Although green-design practice is rapidly expanding, it is still new territory for most architects, says Brian Anderson, a shareholder at the law firm Whyte Hirschboeck Dudek in Madison, Wisconsin. The AIA added language to its Code of Ethics in 2007 that requires its members to discuss sustainable-design approaches with clients, which could further complicate standard-of-care issues. “You [the architect] have to represent yourself as being an expert on sustainability,” he says. “It’s implicit that you’re going to make recommendations. If you’ve never done a green project before, would you know the right recommendation to make and would you know how to deal with that contractually?”

Beyond certification goals, building-performance expectations often loom over green projects. In the era of greenwashing, where product manufacturers make unsubstantiated claims about new energy-efficient building materials and systems, product performance and reliability are seen as substantial risks, according to the Marsh report. Musica notes that with new products come new companies that could be here today and gone tomorrow. “In this economy, you’ve got a definite risk of specifying brand new products from a company that could end up going bankrupt in the next nine months,” he says. “Then you’ve got a delay claim on your hands. Even if the manufacturer is still around, there is no long-term testing of some of these products. What happens if, after a certain amount of time, a product warranty is no longer in place? A design team could have risks stretching out for decades.”

The performance of systems specified by a project team could also hinge on an owner’s ability to operate and maintain them properly, Musica adds.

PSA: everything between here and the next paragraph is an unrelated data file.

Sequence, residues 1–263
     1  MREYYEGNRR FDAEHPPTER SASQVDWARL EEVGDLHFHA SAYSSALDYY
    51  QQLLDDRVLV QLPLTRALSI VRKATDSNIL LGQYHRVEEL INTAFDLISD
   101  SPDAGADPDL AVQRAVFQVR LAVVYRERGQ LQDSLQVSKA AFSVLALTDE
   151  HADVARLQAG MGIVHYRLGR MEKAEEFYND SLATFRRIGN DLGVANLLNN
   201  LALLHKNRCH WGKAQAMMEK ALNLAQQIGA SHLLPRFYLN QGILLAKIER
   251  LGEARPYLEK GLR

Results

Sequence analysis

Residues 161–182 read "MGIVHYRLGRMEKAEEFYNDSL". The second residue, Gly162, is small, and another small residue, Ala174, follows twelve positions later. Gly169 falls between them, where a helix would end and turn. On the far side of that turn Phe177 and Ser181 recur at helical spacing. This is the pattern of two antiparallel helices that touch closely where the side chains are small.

As green practices continue to gain speed, industry experts express concern about the risks of bringing in unqualified consultants and subcontractors. “Construction firms now have to depend on the subs’ ability to do things like make sure that materials are recycled in the correct bins and that proper records are kept,” Gentilcore says. “When a sub demolishes a floor, they might need to make sure to protect it for reuse. If new materials come in, were they procured locally? It’s all an education process.”

Beyond finding appropriate contract language to allocate risk on a job, team members see few new options in the insurance arena to address green-specific issues. A 2008 market survey by Marsh showed that the insurance industry was gaining interest in green risk issues, but that it was “premature to draw any conclusions or to offer new coverage.”

Marsh’s Feigin says that if a contract is well written, most firms should find that their existing insurance coverage will be sufficient. He says that as more claims come to light, specific green products are likely to emerge. “The insurance industry is at the very early stages with this,” he says. “Some are developing products, but it’s still in its infancy. Some may be racing to the finish with products, but you need to be careful about that. Be sure to pull apart anything that purports to be green coverage and make sure you understand what you’re really getting.”

Although green issues can be project- and location-specific, efforts are underway to clarify the approach. Associated Builders and Contractors (ABC) is currently developing an addendum to its ConsensusDOCs that it expects to release by the end of the year. Among its recommendations, ABC is calling for the creation of a green-building facilitator, who would be responsible for overseeing and carrying a green project through to completion. Brian Perlberg, senior counsel at ABC, says the new role could fall on the architect, contractor, or a third-party consultant. “We think this is the best way to clarify who is responsible,” he says. “Right now, there’s not one single party that is responsible. If everyone is responsible, then no one is responsible.” 

Bruce Buckley is a Washington, D.C. correspondent for ENR, Architectural Record, and other magazines.

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This article appeared in the July 2009 print issue of GreenSource Magazine